The Accountant was one of the biggest flops of 2016, with U.S. grosses topping out at $86 million on a $44 million budget, even more disappointing due to the pedigree attached. With Gavin O’Connor, who directed Warrior and Pride and Glory at the helm, Ozark’s Bill Dubuque taking care of the script, and The Town’s capable action star Ben Affleck in the lead—what could go wrong?

Frankly, almost everything. While The Accountant had some acceptable action scenes and fairly interesting moments showcasing the murderous math savant’s ability to plan, prepare, and eliminate people, it was largely a dull, uneventful slog.

Then The Accountant miraculously found fans in the home video sector and became the most rented movie of 2017—beating out the juggernauts Wonder Woman (which let's be honest premiered in July '17, eight months after the Affleck joint) and Moana (let's be real it's streaming on Netflix for ages).

According to The Hollywood Reporter, the MPAA—the Motion Picture Association of America, responsible for rating movies and representing Hollywood’s major studios—has decided to include home entertainment in its end-of-the-year reports. This is definitely unconventional, and a first for the MPAA, but it does make sense—theatrical attendance is at a 22-year low, while renting and streaming movies has become commonplace. This is where the accountants came across The Accountant, and noticed its numbers put it at the top of U.S. digital rentals—followed by Moana and Wonder Woman, which, unlike Affleck’s project, did spectacularly at the box-office.

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While this is a pretty stunning turn of events, hindsight sort of elucidates how something like this could’ve happened. Going to the movies has become increasingly expensive, resulting in the lowest attendance in decades. The only time masses of viewers tend to go to the actual cinema is for a major tentpole. For the rest of the country, content to stay at home and take advantage of their convenient streaming services with rental costs not much pricier than videotapes in the '90s, The Accountant probably looked like a good time. Bankable star, established director, solid writer, extremely familiar occupation—why not check it out for a few bucks?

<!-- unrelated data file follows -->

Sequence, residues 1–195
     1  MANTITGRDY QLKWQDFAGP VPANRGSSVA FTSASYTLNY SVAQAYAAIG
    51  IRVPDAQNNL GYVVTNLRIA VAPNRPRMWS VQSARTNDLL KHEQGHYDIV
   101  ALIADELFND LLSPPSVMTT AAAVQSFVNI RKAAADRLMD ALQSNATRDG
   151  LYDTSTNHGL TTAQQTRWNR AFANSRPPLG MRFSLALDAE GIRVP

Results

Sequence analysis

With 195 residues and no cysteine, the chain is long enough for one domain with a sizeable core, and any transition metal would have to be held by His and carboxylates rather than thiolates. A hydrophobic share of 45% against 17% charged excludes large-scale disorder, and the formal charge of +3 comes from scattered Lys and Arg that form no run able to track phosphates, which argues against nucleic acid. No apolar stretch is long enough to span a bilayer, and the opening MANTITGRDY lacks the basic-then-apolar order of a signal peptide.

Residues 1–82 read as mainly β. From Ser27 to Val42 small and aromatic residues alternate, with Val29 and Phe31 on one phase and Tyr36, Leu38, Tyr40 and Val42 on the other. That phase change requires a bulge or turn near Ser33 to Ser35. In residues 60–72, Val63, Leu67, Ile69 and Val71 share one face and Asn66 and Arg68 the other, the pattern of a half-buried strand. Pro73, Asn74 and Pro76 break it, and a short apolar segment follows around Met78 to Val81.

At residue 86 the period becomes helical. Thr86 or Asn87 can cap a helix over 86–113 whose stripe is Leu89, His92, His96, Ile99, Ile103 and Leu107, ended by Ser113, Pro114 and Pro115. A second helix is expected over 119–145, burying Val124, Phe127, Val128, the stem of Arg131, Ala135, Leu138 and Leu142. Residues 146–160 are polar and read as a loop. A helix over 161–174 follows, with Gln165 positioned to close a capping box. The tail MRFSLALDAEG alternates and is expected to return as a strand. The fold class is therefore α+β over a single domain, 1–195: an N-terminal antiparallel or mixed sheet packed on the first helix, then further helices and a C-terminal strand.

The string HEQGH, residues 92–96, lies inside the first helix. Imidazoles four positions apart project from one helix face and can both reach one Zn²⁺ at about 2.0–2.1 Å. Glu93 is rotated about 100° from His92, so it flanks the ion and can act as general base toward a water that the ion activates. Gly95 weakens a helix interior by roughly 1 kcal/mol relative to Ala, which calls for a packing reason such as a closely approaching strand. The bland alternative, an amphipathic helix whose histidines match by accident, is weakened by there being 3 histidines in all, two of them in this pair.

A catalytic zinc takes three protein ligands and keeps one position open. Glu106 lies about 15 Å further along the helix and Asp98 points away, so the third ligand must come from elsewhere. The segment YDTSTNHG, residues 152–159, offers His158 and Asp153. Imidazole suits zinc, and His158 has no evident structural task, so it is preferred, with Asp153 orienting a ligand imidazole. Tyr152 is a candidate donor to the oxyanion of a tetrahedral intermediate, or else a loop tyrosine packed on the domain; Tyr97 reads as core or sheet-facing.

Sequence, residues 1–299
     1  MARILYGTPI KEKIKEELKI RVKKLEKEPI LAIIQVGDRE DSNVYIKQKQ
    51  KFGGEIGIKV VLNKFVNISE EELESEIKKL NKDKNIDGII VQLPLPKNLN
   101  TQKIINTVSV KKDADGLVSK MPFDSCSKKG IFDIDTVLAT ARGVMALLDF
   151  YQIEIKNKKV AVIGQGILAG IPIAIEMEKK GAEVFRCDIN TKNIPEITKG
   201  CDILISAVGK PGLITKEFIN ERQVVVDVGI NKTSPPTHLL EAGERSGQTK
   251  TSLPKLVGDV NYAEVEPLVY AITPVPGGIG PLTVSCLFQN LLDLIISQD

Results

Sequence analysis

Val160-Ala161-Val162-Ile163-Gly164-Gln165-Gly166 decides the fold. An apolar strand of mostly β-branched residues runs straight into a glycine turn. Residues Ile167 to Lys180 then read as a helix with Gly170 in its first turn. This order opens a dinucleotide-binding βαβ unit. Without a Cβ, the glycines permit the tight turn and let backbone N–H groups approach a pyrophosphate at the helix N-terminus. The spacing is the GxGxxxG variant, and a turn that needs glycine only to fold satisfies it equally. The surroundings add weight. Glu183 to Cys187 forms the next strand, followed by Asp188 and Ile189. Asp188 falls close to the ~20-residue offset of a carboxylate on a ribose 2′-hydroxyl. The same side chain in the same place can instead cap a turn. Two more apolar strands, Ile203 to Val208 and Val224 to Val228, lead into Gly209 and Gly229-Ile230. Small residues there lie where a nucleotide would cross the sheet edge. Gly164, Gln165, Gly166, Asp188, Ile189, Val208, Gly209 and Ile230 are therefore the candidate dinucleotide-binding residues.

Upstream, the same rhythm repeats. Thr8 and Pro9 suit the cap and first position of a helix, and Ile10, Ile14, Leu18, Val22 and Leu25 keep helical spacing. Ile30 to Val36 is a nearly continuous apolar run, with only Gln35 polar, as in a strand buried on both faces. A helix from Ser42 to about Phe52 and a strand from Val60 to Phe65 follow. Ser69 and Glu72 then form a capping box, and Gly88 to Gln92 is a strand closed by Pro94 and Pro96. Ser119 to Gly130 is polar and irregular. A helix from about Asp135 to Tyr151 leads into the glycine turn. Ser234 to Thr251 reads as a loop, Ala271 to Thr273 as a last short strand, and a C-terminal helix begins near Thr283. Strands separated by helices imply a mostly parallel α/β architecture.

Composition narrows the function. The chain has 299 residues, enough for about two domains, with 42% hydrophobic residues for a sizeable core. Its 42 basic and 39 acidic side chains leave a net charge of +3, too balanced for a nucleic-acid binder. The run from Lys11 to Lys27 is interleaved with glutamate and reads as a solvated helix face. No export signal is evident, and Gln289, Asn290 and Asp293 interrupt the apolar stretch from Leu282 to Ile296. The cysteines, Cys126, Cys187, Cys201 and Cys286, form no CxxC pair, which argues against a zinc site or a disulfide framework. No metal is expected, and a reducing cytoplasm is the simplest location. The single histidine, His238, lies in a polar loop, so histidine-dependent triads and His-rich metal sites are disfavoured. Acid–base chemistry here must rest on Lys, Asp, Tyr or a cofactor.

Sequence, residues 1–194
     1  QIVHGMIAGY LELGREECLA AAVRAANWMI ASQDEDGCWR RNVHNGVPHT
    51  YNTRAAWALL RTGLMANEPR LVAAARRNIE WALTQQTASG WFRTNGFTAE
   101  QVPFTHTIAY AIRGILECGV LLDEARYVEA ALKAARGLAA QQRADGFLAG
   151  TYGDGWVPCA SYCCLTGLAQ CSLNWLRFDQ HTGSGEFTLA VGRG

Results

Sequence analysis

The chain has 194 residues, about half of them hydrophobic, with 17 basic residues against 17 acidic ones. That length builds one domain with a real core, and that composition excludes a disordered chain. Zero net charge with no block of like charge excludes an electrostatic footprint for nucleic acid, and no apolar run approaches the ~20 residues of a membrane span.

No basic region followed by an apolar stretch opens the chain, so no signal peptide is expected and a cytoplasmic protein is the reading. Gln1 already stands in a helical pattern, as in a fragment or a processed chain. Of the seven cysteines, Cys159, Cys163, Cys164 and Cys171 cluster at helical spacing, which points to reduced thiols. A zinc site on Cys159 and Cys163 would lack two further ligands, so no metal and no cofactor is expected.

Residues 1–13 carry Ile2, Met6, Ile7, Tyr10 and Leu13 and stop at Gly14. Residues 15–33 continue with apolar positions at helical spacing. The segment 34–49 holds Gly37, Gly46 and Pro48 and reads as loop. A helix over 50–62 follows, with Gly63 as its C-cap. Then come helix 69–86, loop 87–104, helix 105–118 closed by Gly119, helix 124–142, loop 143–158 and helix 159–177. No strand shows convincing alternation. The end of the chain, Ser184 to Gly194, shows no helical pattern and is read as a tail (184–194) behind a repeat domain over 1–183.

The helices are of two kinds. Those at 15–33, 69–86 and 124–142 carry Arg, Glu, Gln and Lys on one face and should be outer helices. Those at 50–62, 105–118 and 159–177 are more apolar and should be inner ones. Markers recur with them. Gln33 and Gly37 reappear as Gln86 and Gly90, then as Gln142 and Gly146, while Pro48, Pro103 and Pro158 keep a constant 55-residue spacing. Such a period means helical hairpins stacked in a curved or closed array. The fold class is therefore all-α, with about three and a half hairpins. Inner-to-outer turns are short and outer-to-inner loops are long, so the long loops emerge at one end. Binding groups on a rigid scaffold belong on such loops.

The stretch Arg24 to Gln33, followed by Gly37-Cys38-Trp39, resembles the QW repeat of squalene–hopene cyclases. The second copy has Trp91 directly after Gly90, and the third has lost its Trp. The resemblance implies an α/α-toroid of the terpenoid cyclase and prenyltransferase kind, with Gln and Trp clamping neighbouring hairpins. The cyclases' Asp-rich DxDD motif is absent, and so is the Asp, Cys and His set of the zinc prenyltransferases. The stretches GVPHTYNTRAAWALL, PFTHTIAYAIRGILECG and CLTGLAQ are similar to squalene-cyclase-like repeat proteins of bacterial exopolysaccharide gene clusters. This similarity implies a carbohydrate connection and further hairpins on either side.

On top of that, The Accountant absolutely looked like catnip for uninformed dads across the country. This is, frankly, the epitome of dad-movies, where a middle-aged man gets to break free from the mundanity of his day job, his suit and tie, and shoot shit up. For us movie snobs, of course, we were pretty clear it was nothing more than a watered down version of buddy Matt Damon's Bourne, and that it unsuccessfully tried to cash in on the popularity of the quiet, calculating lone assassin type. Every minute there's a sucker born, though.